Tag Archives: White God

TOP FILMS OF 2015!

30 Dec

Another day, another list.

This time, I’m counting down my favorites from the year – as per tradition – in a video format. I saw 125 total feature films from 2015 and decided to focus on narrative feature films (although my favorite documentary is mentioned at the end) released through either a WIDESPREAD theatrical run or some VOD/DVD platform from Jan 1 – Dec 31, 2015.

Hope you all enjoy.

 


<p><a href=”https://vimeo.com/150186808″>Top 25 Films of 2015!</a> from <a href=”https://vimeo.com/tylerreed123″>Tyler Reed</a> on <a href=”https://vimeo.com”>Vimeo</a&gt;.</p>

 

Anything you think I missed out on this year? Let me know in the comments below. Here’s to another terrific year in cinema.

White God (2015 Sundance)

10 Feb

It’s a dog-eat-dog world.

Set in inner-city Budapest, White God tells the story of Lili (Zsofia Psotta) trying to reunite with her lovable dog Hagen after he is cruelly abandoned and left for the local pound. It’s a familiar set up that has been done a zillion times before, but never quite like this.  You get bits of a coming-of-age story, family drama, black comedy, and even apocalyptic horror mixed in. On paper, this film would spell disaster, but somehow it all works and adds up to an emotionally draining but immensely satisfying experience.

The film opens with a surreal sequence featuring Lili pedaling downtown being chased by hundreds of stray dogs. Avoiding any hint of CGI and instead relying on real animals, director Kornel Mundruczo shot on set with literally hundreds dogs and the result is absolutely incredible. I can only imagine what sort of logistical nightmare the film set must have been, and it’s a cinematic miracle that any usable footage was collected at all. By expertly blending various tonal shifts, Mundruczo commands the action in every continuing scene. Though the film swaps perspectives after the first act, we get an incredible sense of Lili’s and Hagen’s emotional states through the clever camerawork and production design. Weather alongside Lili at a club or following Hagen into an abandoned construction site, the audience is completely captivated.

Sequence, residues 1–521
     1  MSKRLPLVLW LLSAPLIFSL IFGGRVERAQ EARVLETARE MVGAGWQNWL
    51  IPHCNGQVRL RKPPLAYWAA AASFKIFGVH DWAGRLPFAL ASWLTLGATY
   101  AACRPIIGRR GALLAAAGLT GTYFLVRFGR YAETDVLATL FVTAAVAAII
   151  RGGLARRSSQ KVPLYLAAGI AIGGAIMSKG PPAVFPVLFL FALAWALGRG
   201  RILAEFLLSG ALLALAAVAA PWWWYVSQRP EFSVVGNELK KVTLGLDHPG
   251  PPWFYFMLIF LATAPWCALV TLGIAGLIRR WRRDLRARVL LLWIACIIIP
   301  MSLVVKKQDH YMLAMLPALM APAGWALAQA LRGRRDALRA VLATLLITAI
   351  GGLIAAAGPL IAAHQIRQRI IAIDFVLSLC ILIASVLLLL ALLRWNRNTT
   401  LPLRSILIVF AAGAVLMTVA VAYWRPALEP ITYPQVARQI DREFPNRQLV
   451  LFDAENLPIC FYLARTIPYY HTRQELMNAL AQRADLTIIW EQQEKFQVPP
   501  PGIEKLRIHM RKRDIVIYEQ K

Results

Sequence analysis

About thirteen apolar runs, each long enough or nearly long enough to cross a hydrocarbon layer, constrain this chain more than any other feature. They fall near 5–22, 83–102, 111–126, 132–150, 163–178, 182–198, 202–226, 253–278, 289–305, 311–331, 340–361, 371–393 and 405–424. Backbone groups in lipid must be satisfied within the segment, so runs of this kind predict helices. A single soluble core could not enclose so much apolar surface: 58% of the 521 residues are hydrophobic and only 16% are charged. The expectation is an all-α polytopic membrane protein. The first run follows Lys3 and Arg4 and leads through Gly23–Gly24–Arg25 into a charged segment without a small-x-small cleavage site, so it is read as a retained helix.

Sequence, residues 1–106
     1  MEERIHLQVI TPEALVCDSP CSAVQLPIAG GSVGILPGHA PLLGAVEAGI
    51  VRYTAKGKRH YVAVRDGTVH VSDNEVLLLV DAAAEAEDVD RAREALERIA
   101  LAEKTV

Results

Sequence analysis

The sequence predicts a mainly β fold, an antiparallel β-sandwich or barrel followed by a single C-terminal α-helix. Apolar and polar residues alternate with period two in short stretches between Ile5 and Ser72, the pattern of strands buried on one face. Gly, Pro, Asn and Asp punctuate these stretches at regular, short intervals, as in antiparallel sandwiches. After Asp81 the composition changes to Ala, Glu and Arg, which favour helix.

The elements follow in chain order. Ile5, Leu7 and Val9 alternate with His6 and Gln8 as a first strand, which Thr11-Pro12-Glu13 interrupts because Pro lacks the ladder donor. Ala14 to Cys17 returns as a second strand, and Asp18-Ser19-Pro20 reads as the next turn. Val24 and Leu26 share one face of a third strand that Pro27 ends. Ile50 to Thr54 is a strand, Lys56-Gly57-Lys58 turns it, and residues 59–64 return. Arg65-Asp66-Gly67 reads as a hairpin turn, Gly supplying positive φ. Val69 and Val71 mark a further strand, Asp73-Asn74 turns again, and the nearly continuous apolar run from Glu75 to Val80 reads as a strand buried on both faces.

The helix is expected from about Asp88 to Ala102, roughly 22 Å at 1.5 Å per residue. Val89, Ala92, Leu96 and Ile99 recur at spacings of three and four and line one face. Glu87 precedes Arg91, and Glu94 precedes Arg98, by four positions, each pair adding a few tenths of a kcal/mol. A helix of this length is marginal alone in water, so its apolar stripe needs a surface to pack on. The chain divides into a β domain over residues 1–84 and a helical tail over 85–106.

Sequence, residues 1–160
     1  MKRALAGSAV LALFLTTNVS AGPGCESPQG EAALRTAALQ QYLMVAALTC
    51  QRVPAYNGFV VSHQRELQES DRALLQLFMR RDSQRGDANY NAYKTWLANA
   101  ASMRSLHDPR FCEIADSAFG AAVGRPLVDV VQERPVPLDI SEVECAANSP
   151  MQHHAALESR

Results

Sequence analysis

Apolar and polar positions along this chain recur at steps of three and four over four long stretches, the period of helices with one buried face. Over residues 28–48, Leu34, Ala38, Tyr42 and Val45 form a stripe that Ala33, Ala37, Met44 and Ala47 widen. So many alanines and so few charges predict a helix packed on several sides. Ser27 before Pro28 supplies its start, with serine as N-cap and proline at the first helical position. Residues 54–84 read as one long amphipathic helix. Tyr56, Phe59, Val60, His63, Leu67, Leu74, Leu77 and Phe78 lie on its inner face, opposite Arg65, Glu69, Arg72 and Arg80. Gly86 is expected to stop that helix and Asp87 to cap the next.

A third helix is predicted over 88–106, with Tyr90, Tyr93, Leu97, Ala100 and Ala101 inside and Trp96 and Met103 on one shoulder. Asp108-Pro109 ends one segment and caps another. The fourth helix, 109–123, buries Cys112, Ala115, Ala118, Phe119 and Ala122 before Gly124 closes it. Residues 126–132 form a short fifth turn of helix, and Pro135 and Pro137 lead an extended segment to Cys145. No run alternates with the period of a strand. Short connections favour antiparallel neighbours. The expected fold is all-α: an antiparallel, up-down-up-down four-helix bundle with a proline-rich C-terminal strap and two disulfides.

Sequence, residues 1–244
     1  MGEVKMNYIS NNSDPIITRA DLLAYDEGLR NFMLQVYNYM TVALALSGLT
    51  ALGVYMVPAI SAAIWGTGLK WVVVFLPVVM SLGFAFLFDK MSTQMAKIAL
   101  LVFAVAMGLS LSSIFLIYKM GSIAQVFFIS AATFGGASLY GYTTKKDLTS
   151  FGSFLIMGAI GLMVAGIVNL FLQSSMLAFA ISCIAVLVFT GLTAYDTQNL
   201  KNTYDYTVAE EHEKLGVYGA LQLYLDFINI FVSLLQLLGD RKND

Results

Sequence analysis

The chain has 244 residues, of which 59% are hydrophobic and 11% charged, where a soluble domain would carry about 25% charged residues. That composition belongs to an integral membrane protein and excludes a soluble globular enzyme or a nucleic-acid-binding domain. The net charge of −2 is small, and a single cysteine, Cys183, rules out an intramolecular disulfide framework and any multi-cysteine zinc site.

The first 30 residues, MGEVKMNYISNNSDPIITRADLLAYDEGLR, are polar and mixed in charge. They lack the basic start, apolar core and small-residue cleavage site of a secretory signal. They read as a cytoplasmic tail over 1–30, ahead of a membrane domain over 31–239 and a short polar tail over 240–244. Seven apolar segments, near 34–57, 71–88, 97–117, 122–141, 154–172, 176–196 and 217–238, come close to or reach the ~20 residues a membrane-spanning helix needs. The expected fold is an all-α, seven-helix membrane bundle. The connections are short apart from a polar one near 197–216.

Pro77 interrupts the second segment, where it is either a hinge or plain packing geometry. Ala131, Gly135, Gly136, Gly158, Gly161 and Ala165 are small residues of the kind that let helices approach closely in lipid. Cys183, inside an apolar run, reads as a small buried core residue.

Later on, the film gets a bit lengthy and White God would be better served with a quick edit. Patience pays off however during the film’s last act, where Hagen returns to the action as a blood-thirsty killer seeking vengeance. It’s here where the film really picks things up, and the audience is treated with a greatly entertaining and horrific finish.

Bottom Line: While it’s certainly not for everyone (kids and animal lovers might be best suited elsewhere) White God is an incredibly engaging viewing experience with the best canine cast to ever be featured in cinema.

Rating 7/10 

Similar to: The Birds (1963), Let The Right One In (2008), The Kid With A Bike (2011)